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Tracks by Eric D. Goodman

Tracks by Eric D. Goodman is a expressive and reflective novel told in stories or what some would call a short story collection published by Maryland-based publisher Atticus Books, and unlike other short story collections, there are very few weak stories, if any.  Each protagonist in the story is on the train headed somewhere and each of their lives is in transition, from a young woman on the verge of promotion who must decide between lover and career to a man and woman at the end of their years who must face their fears.  Goodman is adept at ensuring readers care about his characters in just a few pages, and even though the end of each story comes quickly, there is rarely a sense that there was more to the story that was not told.

“The train has a way of transforming a person.  Sometimes passengers become aware of things they didn’t know before boarding.  Something about the stillness on a moving train, being around people and alone at the same time.  They’re neither here not there — in transition.  That frees them up to do things or say things they might not ordinarily do or say.” (from the preface)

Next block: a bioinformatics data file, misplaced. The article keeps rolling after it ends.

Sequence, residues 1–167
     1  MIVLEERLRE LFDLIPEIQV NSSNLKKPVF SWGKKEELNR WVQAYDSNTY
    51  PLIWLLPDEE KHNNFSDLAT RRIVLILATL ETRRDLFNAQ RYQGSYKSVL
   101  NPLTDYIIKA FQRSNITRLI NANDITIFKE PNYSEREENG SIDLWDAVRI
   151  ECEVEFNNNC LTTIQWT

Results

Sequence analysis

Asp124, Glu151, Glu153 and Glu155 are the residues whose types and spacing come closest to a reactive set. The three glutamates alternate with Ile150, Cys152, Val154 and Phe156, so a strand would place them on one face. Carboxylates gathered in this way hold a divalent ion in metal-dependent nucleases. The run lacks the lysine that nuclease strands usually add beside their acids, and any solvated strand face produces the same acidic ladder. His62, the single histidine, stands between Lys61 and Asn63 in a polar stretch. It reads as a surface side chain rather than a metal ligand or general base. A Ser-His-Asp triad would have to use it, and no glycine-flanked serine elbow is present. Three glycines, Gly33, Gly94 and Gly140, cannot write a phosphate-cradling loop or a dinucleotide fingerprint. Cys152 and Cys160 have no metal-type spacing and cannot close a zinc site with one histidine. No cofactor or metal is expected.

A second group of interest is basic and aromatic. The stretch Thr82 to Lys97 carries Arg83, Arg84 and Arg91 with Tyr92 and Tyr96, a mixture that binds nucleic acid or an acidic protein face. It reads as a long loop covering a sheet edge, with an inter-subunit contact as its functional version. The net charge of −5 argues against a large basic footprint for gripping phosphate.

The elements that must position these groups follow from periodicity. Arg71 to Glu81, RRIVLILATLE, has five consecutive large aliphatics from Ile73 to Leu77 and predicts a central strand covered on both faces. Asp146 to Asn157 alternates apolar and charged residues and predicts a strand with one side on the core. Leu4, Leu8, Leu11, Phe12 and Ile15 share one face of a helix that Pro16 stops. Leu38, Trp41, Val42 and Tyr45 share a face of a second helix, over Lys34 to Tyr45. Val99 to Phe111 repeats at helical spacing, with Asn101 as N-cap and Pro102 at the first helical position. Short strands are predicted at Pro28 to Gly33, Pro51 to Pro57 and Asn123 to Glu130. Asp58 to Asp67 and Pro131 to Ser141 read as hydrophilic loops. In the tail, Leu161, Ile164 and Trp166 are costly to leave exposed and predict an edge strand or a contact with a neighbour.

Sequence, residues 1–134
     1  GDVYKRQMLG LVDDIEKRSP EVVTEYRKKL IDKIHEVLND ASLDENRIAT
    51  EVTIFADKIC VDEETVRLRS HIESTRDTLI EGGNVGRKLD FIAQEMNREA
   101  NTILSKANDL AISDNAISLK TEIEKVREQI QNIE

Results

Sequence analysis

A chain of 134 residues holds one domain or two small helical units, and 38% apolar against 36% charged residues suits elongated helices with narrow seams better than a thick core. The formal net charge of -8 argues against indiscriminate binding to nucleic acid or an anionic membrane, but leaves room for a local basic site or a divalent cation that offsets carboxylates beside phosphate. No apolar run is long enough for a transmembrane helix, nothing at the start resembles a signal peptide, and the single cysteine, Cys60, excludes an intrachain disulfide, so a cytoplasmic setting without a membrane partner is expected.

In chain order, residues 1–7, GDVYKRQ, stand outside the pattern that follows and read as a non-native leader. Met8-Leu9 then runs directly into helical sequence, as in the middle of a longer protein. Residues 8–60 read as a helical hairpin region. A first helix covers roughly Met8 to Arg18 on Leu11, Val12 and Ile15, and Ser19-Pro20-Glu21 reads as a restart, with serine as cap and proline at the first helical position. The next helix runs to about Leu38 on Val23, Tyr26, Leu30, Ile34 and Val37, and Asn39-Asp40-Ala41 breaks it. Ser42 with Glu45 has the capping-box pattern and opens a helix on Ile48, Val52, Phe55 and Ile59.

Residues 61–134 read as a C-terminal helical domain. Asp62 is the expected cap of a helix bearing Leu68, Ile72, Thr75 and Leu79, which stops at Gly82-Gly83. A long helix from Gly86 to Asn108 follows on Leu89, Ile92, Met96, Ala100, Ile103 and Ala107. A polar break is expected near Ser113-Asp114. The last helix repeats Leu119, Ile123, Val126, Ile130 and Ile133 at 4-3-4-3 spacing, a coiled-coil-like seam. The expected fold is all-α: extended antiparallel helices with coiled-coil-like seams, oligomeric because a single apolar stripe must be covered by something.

The Cardinal that rides between Baltimore, Md., and Chicago, Ill., carries all of these passengers on their way, and some of these passengers have been on the train in both directions, while others have traveled the rails between Chicago and Washington, D.C., and more than once.  It does not matter where these characters come from; what matters is that the rails provide them with hope and a time out from their hustle of their daily lives.  The train and the rails are an escape, a quiet place to contemplate their lives as the undulating sway of the cars lulls them into deep meditation.  Paralleling their actual lives, the trip on the train has each member making contact with strangers, and like the conscience that guides their decision making, the conductor on the train whispers advice and nuggets of observation/wisdom to those with whom he speaks.  Beyond the characters, the city of Baltimore and the rail line itself loom large in the story, almost becoming characters themselves, with the city representing an anchor weighing down certain characters and the rail a symbol of liberation.